I accidentally/on purpose came across the studio shot of Karen. I couldn’t stand it anymore so I called the travel agency and they said she left four months ago. It made me wretch. I’ll never find her. To insure that never happens again, I took the photo outside and burned it. It was supposed to be cathartic but my memory didn’t go up in flames, like the metaphor promised it would. I still think about her.

There was an ad in the Village Voice personals by a girl who’s trapped in a corporate environment and looking for a writing partner. You have to call her voicemail and leave a message. I thought I’d fumfer if I spoke off the cuff so I typed-out a response:


The voicemail message (which cost me $2.50 to listen to) said she’s looking for a “very smart, very sexy man who can write who’s not intimidated by a very smart, very sexy woman who can write.” I hung up. I couldn’t do it. She’d see right through me. I think what I’m looking for is a wilted violet.

I forgot to wear a belt to work the other day so I went to H&M at lunch to buy one. Have you ever been to H&M? My first and last visit. Their target audience is 15-year old girls tweaked out on meth. It’s like being in da club at 2:30 a.m. All mirrors and loud, thumping, headache-inducing “music.” I was standing in the checkout queue having a brain aneurysm, looked up and across 42nd St. was a Gap. A nice, quiet, gentle Gap.

The view from my office. The days are getting shorter. Autumn is here.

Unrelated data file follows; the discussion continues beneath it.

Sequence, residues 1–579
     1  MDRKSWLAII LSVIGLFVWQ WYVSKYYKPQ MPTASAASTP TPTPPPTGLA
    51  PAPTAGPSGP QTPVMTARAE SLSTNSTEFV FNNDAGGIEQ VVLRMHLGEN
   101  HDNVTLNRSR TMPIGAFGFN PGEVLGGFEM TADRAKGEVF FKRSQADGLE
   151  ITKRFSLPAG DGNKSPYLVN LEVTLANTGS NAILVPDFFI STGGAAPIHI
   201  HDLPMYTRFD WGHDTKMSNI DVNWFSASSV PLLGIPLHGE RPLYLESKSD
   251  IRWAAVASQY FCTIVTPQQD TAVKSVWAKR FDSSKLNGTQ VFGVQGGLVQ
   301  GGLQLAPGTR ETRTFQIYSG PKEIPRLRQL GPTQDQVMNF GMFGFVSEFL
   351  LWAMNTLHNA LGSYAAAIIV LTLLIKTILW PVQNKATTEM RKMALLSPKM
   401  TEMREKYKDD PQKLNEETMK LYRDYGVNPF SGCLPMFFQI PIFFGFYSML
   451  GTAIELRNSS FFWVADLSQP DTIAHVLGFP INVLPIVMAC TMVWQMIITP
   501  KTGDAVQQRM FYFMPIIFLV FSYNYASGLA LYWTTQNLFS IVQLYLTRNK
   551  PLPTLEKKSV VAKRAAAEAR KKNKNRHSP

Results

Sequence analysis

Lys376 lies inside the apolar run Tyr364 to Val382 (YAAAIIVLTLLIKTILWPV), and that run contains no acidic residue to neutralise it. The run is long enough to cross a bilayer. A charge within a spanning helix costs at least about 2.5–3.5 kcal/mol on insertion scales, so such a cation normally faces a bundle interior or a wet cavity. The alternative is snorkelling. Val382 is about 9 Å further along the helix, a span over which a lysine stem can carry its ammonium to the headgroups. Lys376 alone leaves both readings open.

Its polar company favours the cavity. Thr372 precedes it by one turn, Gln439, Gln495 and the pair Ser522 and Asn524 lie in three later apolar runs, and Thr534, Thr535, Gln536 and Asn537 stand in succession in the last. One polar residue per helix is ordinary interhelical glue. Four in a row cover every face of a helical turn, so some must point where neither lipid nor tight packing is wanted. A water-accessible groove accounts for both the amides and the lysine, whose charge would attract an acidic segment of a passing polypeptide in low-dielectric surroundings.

79 thoughts on “Our Young Hero Weeps Salty Tears

  1. That story about the children singing is wonderful. It’s amazing how we can be so caught up in our own grumbles, only to have something happen right then and there to show us it ain’t all about us. I can imagine how emotional that must have been.

    As for your floor scrubbing, with your dedication to the process, I have a few that could really use your attention…

    • It was a cold slap in the face, I can tell you that much. And something I needed. I momentarily stop feeling sorry for myself. What a treat!

      I’ve always been fastidious. Even as a bachelor, my apartment was always clean. I wonder how I got that way?

      • I wish my sons were that way. I’m very neat, and my husband has learned to be. Hopefully my boys will be someday too. But I’m not holding my breath.

      • My house was always kind of a mess when I was growing up. It wasn’t my mothers fault. She was single-handedly raising four kids with no help and didn’t have a lot of time for housework. When I left home, I told myself I was I was gonna live in a neat place. It stuck.

  2. Peggy knows. She called it back then. Of course, you’re a writer, silly. I expect that manuscript on my desk in three months, k? I can see why you recorded that story about the kids singing on the platform. That’s a sweet story. Funny, how those moments just sneak up and grab you, huh? I say let those tears roll.

  3. You give good memoir. On the heels of the OKC bombing, hearing those little kids spontaneously sing on the subway platform would have choked me up, too. Back then, I was working as a cog in the corporate newsmaking machine at ABC News when it happened. My niece was about 18 months old so my heart sunk when I thought of the children that perished and were injured as well as their families. It was so tragic. Then, my feelings of empathy were disrupted when the office loon, who coincidentally was a complete loser with people, began carrying on about no one caring if the daycare center had any fish or a canary.

    • Aren’t subways the best for acoustics? One wonders if that was done intentionally.